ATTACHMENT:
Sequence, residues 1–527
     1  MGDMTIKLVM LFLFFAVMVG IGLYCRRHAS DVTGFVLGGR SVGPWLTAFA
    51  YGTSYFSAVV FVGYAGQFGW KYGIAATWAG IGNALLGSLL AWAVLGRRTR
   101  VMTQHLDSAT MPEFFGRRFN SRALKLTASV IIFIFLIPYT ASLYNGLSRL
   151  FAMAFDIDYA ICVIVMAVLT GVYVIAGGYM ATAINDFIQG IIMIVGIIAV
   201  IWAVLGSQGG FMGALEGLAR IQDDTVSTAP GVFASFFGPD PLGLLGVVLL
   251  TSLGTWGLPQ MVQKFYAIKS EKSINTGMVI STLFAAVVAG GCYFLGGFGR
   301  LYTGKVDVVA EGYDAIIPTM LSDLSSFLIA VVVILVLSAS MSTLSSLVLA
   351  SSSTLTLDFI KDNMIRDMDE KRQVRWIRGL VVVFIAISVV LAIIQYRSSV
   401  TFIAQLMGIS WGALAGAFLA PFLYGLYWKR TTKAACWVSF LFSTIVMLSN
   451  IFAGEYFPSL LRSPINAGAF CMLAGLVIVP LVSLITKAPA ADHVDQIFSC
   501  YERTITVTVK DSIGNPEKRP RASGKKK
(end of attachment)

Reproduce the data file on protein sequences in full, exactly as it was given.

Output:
Sequence, residues 1–527
     1  MGDMTIKLVM LFLFFAVMVG IGLYCRRHAS DVTGFVLGGR SVGPWLTAFA
    51  YGTSYFSAVV FVGYAGQFGW KYGIAATWAG IGNALLGSLL AWAVLGRRTR
   101  VMTQHLDSAT MPEFFGRRFN SRALKLTASV IIFIFLIPYT ASLYNGLSRL
   151  FAMAFDIDYA ICVIVMAVLT GVYVIAGGYM ATAINDFIQG IIMIVGIIAV
   201  IWAVLGSQGG FMGALEGLAR IQDDTVSTAP GVFASFFGPD PLGLLGVVLL
   251  TSLGTWGLPQ MVQKFYAIKS EKSINTGMVI STLFAAVVAG GCYFLGGFGR
   301  LYTGKVDVVA EGYDAIIPTM LSDLSSFLIA VVVILVLSAS MSTLSSLVLA
   351  SSSTLTLDFI KDNMIRDMDE KRQVRWIRGL VVVFIAISVV LAIIQYRSSV
   401  TFIAQLMGIS WGALAGAFLA PFLYGLYWKR TTKAACWVSF LFSTIVMLSN
   451  IFAGEYFPSL LRSPINAGAF CMLAGLVIVP LVSLITKAPA ADHVDQIFSC
   501  YERTITVTVK DSIGNPEKRP RASGKKK